However, if you, as Taavi, have company income to invest, shouldn’t it be more or less a wash since you can invest 20% more as a company than you could if you took the money out from the company first?

            Assuming a stock that pays 5% dividend:

            Company earns money and invests directly into stock and subsequently re-distributes these dividends to private person, at which point they get taxed at 20%:
            fully taxed dividends received = company money x 0.05 x 0.8

            Company earns money, distributes money to private person and pays 20% tax on entire amount, after which private person invests net amount into same stock and received dividend tax free:
            fully taxed dividends received = company money x 0.8 x 0.05

            Am I missing something?

            1. Yes, you are correct, which is why Taavi pointed out that since he would have to get money out of the business to invest as a private person it’s a net gain for him. However, if you have money in your hands as a private person already – if you are a salaried employee, then there isn’t much point in moving the other way.
              I’m currently not planning to switch over (since I just don’t have that much free money in my business account, since I bought an apartment and am moving over P2P investments), however in the future it might end up being a net gain indeed.
              Any dividends you earn in Estonia as a private person are already taxed before they reach you, both Estonian and foreign companies. (The rate might be different though than the 20% you have for Estonian dividends).

            2. Yes you are right. It also important to note that usually it is risky to take all the money out from the company as dividends (if the company did not earn it passively). You are expected to pay salary for the active work, therefor one can risk with charges from tax office.

              There is no law that forces you to take the money out (dividends or salary), so you can invest it with no problems. This makes investing as company even more effective (compared to dividends or salary of cource), if you do everything by the book.

      1. What API solution did you use? I am trying to use beeplus.me, but it is not working. I have completed all the steps, but it won’t bid. “Wait until BeePlus makes bids on Bondora and check out bids done for each auction.” How long do I have to wait? I have two rules set. One of them found 5 auctions. I also have 5 euros to bid.

      1. Tänan vastamast. Aga miks peaks inforuum olema ingliskeelne? Siin blogis räägitakse ju peamiselt Eesti asjadest ja eestlastele pakuks sisu hoopis rohkem huvi ja oleks ka palju vajalikum kui juhuslikult pealesattunud välismaalastele.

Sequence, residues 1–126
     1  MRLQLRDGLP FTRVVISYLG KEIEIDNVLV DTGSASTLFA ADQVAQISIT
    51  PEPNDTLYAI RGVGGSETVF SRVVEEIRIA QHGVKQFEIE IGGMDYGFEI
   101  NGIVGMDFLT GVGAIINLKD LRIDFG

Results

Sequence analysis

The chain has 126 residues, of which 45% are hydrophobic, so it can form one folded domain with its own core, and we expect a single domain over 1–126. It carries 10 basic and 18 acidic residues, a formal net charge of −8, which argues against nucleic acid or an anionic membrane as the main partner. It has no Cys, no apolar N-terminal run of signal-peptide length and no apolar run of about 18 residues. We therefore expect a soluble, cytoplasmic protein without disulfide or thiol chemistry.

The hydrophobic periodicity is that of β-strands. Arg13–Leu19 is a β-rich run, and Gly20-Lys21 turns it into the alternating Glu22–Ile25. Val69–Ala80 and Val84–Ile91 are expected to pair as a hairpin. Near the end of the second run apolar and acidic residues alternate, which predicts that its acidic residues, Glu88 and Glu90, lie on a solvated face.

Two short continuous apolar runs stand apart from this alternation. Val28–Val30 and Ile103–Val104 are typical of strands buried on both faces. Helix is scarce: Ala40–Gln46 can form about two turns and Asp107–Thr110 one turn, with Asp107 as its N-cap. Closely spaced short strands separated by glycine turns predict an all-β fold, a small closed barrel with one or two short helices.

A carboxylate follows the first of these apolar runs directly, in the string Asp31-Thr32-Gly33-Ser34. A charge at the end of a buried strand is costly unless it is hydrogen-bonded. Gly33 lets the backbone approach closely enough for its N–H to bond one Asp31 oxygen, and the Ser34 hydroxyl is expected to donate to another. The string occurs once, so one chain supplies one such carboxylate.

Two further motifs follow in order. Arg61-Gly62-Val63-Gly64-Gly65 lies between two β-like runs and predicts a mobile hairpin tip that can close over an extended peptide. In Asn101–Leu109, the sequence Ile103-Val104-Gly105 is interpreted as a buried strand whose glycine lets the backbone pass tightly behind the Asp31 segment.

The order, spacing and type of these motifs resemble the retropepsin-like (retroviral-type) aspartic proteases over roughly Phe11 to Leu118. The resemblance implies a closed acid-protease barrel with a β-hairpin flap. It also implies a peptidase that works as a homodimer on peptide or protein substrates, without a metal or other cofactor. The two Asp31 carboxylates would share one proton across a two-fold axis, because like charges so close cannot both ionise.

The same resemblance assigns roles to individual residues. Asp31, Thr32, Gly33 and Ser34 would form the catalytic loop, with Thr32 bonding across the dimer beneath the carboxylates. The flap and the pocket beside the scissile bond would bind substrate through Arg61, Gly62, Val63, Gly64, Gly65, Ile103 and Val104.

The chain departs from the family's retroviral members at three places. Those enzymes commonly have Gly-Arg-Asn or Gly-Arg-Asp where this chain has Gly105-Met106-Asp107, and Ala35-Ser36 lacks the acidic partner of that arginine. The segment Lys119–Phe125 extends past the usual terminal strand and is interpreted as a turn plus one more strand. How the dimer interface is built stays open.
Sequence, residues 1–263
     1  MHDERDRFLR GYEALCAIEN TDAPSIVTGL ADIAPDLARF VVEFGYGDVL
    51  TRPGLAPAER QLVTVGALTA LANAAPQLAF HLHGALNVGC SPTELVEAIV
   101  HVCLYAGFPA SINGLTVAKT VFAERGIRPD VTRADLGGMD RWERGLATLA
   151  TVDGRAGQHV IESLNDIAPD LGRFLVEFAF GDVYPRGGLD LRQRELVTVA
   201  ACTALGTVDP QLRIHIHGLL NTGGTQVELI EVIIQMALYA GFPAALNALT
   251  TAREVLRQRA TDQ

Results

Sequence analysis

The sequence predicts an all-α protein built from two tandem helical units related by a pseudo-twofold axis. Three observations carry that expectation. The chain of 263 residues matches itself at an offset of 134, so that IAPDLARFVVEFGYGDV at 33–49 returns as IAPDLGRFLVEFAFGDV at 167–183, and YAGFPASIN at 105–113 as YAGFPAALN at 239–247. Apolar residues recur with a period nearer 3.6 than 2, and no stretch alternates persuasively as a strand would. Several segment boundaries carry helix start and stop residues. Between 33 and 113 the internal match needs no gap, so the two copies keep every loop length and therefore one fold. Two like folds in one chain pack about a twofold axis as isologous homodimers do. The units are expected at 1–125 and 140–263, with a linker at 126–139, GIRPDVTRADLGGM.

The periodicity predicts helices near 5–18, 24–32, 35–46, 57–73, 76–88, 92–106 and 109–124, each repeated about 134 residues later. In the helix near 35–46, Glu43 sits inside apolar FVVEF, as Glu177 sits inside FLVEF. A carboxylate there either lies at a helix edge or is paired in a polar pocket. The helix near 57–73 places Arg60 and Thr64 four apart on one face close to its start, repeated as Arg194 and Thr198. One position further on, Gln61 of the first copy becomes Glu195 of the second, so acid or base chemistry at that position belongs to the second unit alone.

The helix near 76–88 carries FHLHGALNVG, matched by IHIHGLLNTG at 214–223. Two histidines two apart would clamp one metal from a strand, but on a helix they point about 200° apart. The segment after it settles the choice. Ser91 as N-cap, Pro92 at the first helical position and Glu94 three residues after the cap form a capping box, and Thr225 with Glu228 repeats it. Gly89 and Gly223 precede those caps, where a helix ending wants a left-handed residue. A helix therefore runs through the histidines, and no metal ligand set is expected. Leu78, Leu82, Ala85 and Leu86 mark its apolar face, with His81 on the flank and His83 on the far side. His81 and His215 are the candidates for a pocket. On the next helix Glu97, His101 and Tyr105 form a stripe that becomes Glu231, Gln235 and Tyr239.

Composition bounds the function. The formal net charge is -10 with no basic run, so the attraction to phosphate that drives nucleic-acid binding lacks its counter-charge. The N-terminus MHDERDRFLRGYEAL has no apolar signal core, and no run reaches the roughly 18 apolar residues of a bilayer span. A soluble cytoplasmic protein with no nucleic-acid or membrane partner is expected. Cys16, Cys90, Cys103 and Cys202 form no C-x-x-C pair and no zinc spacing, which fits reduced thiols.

1. Mu blogi lugejatest on 40% välismaalasi, sellest ka inglise keel. Kes soovib eesti keeles lugeda ja arutleda, selleks on eestikeelsed blogid täiesti olemas :)

          1. Ingliskeelseid blogisid on ju veelgi rohkem. Mida veel üks selline juurde annab, kuidas teistest blogidest eristub?

            Blogi lugejate profiil on tekkinud ikkagi keele järgi, mitte keel lugejate profiili järgi. Kuna välismaalasi on määratult rohkem kui eestlasi, siis annavad ka juhuslikult siia sattunud kokku päris suure lugejate osakaalu. Kui palju on siin blogis välismaalase jaoks reaalset sisulist väärtust meelelahutusliku kõrval? Samas eestlase jaoks oleks küll.

  2. Kass, vast on igaühe enda otsustada, mis keeles ja millisele auditooriumile ta oma vabast ajast sisu loob. Kui sulle tundub, et eestikeelseid fin.blogisid on liiga vähe, siis on sul viimane aeg anda oma panus selle tühimiku täitmiseks. Kuluta oma energia ikka sihtotstarbepäraselt. See sinu teemaarendus siin on pehmelt öeldes imelik.

  3. Hi!

    If I invest to Bondora as private person, then when do I pay the taxes? (It’s my first year) Do I pay them only when I whidraw money fom there or do I pay taxes for the interest earned, that is still in Bondora as well?

    Thanks,

    Erki

    1. Hey, Erki!

      Sadly you have to pay taxes based on when it’s earned not when it’s used. Meaning if you earned interest this year (2014), then you have to declare it in February and pay taxes. You do this every year, no matter whether you took out any money or no.

      (Tauri and I are having a training course about important things in social lending, if you’re interested in things such as taxes: https://www.facebook.com/events/541362179360735/ )

  4. Hey, Kristi! For some time now, I have been trying to understand the effects of the law for credit institutions (krediidiasutuste seadus). As I understand, if the primary activity for a business in Estonia is investing, that company has to file for a licence (tegevusluba), starting March 2016 *.